FHA loans allow individuals who may not qualify for a conventional mortgage obtain a loan, especially first time home buyers. These loans offer low minimum down payments, reasonable credit expectations, and flexible income requirements.
FHA does not make home loans, it insures a loan; should a home buyer default, the lender is paid from the insurance fund.
- Buy a house with as little as 3.5% down.
- Ideal for the first-time home buyers unable to make larger down payments.
- The right mortgage solution for those who may not qualify for a conventional loan.
- Down payment assistance programs can be added to a FHA Loan for additional down payment and/or closing cost savings.
FHA Loans VS. Conventional Home Loans
The main difference between a FHA Loan and a Conventional Home Loan is that a FHA loan requires a lower down payment, and the credit qualifying criteria for a borrower is not as strict. This allows those without a credit history, or with minor credit problems to buy a home. FHA requires a reasonable explanation of any derogatory items, but will use common sense credit underwriting. Some borrowers, with extenuating circumstances surrounding bankruptcy discharged 2-years ago, can work around past credit problems. However, conventional financing relies heavily upon credit scoring, a rating given by a credit bureau such as Experian, Trans-Union or Equifax. If your score is below the minimum standard, you may not qualify.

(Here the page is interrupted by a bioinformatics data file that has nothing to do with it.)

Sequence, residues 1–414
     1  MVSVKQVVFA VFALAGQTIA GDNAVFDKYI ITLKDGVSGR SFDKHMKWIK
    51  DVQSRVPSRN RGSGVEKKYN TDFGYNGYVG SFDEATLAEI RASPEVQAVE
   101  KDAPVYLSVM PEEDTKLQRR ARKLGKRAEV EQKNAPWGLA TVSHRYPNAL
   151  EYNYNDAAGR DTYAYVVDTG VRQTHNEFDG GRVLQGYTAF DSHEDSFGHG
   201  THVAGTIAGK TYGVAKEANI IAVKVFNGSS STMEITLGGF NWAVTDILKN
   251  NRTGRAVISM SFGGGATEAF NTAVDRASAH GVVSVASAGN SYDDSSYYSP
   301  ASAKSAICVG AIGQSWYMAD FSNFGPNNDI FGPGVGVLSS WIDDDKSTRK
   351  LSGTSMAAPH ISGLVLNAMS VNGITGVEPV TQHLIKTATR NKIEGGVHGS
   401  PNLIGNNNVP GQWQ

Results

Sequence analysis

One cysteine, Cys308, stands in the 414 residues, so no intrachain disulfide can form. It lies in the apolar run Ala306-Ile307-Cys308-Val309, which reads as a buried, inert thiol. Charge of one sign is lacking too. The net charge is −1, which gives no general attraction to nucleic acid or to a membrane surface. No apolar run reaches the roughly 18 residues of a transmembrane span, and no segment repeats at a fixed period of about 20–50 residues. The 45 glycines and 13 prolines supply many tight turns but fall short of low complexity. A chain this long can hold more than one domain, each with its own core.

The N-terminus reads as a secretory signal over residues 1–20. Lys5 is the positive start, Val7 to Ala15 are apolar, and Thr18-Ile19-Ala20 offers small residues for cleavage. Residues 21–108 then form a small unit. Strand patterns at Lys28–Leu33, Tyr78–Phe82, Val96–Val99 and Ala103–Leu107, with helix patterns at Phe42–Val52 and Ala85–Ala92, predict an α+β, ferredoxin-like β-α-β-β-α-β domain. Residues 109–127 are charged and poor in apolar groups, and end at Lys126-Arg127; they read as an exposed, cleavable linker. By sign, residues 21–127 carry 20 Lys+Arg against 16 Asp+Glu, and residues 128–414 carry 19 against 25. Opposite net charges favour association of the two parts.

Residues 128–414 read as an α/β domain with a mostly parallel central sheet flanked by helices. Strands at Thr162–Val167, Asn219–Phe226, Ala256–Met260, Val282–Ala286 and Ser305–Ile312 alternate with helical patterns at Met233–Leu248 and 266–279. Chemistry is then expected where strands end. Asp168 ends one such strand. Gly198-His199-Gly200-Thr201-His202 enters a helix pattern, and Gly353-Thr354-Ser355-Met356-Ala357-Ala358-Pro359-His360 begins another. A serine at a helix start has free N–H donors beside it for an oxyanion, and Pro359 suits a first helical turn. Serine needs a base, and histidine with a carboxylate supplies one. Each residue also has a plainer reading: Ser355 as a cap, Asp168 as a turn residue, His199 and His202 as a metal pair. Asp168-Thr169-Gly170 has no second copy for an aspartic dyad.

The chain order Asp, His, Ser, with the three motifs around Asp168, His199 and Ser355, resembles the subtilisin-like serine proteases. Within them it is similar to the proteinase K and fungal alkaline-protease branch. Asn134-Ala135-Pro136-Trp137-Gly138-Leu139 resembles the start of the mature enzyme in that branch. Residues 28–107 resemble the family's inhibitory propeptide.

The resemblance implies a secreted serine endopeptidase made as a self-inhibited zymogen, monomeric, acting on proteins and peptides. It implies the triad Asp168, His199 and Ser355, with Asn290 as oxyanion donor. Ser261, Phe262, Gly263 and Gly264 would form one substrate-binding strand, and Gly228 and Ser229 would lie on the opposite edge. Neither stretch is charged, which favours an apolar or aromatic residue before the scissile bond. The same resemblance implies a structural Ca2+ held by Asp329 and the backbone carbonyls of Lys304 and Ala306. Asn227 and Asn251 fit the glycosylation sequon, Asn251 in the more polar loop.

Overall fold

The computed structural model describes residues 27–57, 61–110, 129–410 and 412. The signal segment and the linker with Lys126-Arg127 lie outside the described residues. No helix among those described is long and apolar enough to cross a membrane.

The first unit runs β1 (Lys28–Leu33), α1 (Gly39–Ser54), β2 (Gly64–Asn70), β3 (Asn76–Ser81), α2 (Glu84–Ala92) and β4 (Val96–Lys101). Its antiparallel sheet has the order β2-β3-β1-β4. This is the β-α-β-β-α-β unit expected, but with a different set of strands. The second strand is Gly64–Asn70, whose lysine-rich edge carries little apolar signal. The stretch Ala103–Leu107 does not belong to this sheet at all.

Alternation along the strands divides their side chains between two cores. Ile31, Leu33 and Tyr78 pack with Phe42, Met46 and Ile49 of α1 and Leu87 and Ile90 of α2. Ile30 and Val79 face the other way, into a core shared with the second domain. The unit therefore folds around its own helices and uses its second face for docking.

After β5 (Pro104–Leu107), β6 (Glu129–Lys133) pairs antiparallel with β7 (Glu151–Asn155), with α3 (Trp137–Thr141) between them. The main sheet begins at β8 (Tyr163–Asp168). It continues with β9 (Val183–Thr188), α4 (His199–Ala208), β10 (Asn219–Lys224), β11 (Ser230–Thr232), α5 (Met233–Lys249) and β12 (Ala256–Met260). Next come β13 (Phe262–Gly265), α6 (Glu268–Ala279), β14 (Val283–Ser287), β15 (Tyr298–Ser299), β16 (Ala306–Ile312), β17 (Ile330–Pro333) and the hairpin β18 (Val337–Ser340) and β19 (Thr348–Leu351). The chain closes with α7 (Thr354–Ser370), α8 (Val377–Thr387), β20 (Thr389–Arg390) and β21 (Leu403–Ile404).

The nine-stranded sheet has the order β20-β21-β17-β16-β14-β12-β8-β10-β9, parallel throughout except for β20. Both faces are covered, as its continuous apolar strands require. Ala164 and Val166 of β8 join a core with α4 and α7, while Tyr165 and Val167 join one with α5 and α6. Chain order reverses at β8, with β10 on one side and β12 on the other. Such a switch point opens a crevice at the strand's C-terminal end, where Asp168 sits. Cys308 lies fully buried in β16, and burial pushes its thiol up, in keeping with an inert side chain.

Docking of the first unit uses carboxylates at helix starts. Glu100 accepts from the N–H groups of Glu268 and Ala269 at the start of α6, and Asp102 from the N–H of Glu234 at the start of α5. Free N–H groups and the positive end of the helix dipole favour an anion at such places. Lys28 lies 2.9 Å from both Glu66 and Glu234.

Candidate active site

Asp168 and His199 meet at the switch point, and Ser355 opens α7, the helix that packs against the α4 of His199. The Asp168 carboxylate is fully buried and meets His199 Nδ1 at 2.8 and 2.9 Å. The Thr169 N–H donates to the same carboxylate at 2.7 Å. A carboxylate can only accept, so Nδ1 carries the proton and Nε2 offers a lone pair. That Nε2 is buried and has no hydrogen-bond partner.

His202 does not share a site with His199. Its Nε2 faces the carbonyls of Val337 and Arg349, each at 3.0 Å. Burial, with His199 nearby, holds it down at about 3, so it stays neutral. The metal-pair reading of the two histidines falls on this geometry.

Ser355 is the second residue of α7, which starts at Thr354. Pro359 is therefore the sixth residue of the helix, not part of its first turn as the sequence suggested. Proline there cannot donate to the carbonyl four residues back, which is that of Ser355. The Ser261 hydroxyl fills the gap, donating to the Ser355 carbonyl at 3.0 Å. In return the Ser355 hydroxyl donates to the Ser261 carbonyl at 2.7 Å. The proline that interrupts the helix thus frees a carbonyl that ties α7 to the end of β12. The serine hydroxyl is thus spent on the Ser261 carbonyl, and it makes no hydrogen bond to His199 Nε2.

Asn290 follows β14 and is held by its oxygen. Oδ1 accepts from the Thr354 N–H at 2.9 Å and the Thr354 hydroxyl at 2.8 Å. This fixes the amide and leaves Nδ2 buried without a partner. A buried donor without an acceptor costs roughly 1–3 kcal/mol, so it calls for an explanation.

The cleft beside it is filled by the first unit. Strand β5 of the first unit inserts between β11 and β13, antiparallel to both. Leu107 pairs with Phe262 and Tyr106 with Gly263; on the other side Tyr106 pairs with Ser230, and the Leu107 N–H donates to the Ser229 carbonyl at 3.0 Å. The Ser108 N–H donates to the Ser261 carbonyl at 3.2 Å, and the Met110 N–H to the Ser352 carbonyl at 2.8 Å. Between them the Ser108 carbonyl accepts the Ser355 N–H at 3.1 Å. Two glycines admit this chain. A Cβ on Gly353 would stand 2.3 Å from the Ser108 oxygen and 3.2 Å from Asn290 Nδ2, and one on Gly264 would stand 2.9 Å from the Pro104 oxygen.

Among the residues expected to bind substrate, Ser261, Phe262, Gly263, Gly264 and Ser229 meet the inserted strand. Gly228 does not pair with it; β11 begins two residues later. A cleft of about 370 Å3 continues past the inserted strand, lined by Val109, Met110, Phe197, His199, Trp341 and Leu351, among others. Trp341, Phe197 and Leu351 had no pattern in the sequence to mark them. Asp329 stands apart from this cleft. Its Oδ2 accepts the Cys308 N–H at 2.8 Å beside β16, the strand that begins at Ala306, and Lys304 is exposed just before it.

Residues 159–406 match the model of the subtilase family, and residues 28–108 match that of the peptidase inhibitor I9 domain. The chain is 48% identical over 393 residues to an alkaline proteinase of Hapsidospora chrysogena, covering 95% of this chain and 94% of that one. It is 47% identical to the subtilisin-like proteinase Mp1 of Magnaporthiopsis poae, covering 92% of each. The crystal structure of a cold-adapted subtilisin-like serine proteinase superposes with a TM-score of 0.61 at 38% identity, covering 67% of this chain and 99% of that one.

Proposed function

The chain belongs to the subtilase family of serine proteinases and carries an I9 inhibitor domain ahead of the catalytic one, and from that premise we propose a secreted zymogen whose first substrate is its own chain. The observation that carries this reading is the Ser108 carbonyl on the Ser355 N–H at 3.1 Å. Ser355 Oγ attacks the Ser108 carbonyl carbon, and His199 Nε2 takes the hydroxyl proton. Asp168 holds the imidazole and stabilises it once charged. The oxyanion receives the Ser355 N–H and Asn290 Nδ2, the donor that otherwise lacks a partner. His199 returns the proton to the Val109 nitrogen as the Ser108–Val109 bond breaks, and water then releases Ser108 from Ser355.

What Documents Are Required to Apply for a FHA Loan?
Your loan approval depends heavily on the documentation that you provide at the time of application. Depending on your employment, credit and asset situation, the following documentation would likely be requested.
- Complete Income Tax Returns for past 2-years
- W-2 & 1099 Statements for past 2-years
- Pay-Check Stubs for past 2-months
- For Self-Employed borrowers – Income Tax Returns and Year-To-Date Profit & Loss Statements for past 2-years
- Complete bank statements for all accounts for past 3-months
- Recent account statements for retirement, 401k, Mutual Funds, Money Market, Stocks, etc.
- Recent bills & statements indicating account numbers and minimum payments
- Landlord’s name, address, telephone number, or 12- months cancelled rent checks
- Recent utility bills to supplement thin credit
- Bankruptcy & Discharge Papers if applicable
- 12-months cancelled checks written by someone you co-signed for to get a mortgage, car, or credit card, this indicates that you are not the one making the payments.
- Drivers License
- Social Security Card
- Any Divorce, Palimony or Alimony or Child Support papers
- Green Card or Work Permit if applicable
Refinancing or Own Rental Property
- Property Tax Bill
- Homeowners Insurance Policy
- A Payment Coupon for Current Mortgage
- Rental Agreements for a Multi-Unit Property